Late last year, there was a sale on the official Square Enix website. I took advantage of the deals to re-buy games I had sold during some of my more money-challenged moments of 2012. I bought back Final Fantasy XIII-2 and Final Fantasy: The 4 Heroes of Light for ten bucks a piece. Because I ordered them late in the year, the Christmas backlog did not allow them to arrive until last week. Because my PS3 is not plugged it (and because I would like to platinum Final Fantasy XIII first) I set aside XIII-2 for the time being. I remember really enjoying 4 Heroes of Light when it came out, so I was curious to see if I would feel the same way upon a revisit.
So far my feelings are largely the same. I think the game is an unsung gem despite some obvious faults. I have never completed the title (largely because of one of said faults) so I cannot review it, but I can go through what makes it so great and what holds it back.
First and foremost, 4 Heroes of Light does not hold the player’s hand in the most refreshing way possible. As much as I love lavish cutscenes and thorough and slow openings (see Skyward Sword and Tales of Graces f), 4 Heroes of Light goes running in the other direction in all the right ways. Despite minimal dialogue, there are no cutscenes to speak of. Not in the traditional sense. There are no camera pans or cuts and no alternate angles. When the heroes return from the first dungeon, their hometown has been turned to stone, but this is not indicated by a cutscene. Nothing is different when the party enters the town. I forgot about this plot point and happily strolled into the local shop, hoping to sell some items out of my very limited inventory (more on that later) only to discover that the shopkeeper was made of stone. Further investigation revealed that the entire town had been turned to stone. I found this process to be far more startling and effective than if a cutscene had simply revealed it to me off the top.
Progressing the story works this way as well. Talking to townsfolk is no longer just a way to make the world feel deeper, but it is a necessity. There is not a quest menu to clearly point the player on their merry way. Players must actually talk to people and piece together what must be done. Sometimes it is obvious, and sometimes not so much. As such, the game feels so much more like an adventure than many modern RPGs. Every aspect requires some level of skill, not just boss battles. While I am glad that not every RPG is like 4 Heroes of Light I am certainly glad that the portable game chose to water so little down.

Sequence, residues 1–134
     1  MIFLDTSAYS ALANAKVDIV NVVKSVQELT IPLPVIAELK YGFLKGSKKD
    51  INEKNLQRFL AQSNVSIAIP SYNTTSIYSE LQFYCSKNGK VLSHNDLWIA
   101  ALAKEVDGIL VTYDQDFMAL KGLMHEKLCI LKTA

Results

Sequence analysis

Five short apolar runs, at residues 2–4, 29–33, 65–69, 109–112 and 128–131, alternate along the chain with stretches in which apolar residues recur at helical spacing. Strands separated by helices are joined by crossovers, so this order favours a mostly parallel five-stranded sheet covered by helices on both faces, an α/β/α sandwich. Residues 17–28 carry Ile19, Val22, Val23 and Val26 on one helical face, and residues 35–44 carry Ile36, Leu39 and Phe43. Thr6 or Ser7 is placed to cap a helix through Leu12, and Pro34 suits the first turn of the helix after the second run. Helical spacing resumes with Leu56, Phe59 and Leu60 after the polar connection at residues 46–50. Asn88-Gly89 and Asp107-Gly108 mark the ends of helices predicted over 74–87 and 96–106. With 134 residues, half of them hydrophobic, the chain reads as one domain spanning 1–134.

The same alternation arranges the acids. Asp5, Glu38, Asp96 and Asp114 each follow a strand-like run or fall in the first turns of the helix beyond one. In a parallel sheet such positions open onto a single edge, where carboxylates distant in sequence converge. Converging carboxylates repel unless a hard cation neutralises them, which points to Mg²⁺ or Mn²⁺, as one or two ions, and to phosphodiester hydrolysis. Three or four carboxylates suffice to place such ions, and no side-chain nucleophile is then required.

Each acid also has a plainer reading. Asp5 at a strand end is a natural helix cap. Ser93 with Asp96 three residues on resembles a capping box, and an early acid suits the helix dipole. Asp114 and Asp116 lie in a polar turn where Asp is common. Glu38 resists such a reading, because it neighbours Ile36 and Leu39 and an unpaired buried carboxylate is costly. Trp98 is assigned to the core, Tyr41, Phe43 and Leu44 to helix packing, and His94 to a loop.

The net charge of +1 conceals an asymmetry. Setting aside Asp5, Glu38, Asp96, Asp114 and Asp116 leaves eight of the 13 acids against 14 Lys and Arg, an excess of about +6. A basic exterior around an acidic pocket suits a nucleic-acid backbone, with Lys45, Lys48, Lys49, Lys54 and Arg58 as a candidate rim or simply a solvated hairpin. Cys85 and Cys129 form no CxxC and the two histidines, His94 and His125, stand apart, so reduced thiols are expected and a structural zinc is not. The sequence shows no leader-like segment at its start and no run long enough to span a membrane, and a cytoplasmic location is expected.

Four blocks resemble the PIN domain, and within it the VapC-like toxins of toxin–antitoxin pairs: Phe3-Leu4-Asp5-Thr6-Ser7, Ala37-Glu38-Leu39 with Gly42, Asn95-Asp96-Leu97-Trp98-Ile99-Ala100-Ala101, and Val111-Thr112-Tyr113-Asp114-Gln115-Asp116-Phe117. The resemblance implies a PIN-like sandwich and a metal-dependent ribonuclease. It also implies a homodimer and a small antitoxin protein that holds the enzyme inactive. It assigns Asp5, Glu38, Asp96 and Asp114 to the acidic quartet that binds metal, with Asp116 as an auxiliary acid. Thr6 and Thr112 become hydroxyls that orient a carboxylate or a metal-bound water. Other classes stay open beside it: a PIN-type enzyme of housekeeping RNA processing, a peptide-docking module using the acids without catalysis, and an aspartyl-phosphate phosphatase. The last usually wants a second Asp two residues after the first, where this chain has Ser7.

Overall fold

Another example of this is the aforementioned inventory. Each character has only fifteen slots and items of the same type do not stack. This inventory includes equipment and magic tomes needed to cast spells. Items can also be stored in a much larger inventory, but these items can only be accessed through deposits and withdrawls in designated shops. Therefore, deciding what to take out on each adventure becomes essential strategy. Inventory management is nothing new, but it is certainly not something I am used to in a Final Fantasy game and certainly not with such strict restriction. The game requires constant planning and concentration and will make players pay who take these decisions lightly.
As much as I adore Final Fantasy IX, the game does not require skill as much as it requires endurance. With enough grinding, the game becomes a cakewalk from a battle standpoint. Items can be maxed out to nearly one hundred stock each, and health and magic can be boosted to very cushiony levels. In 4 Heroes of Light, while grinding is certainly possible, the inventory and AP values never increase, leaving an ever-present challenge no matter my party’s levels.
I do have issues with 4 Heroes of Light however. For reasons completely unknown, the player has no control over specific targets in battle. If there are three enemies and I choose one hero to cast fire and another to cast cure, there is no guarantee the characters will cast their spells on the target I would have chosen. The AI is smart enough to almost always choose the right target, but it is still an extremely odd choice considering the design choices in the rest of the game.
The larger issues – and the reason I stopped playing the title last time – is because of what seems to happen halfway through the game. I stopped playing so I could be wrong, but it seemed to be the case that the game just repeats the locations for the second half of the game except they are now the “dark versions”. After so much creativity, that lazy choice was a slap in the face. I am prepared to give it more of a fair shot this time, but I am also prepared to give up again after an almost perfect first half.
So what about you, LusiRetros? Did you ever play this title? If the second half is as awful as I anticipate, would you still consider the first half well worth it as I do? LET ME KNOW!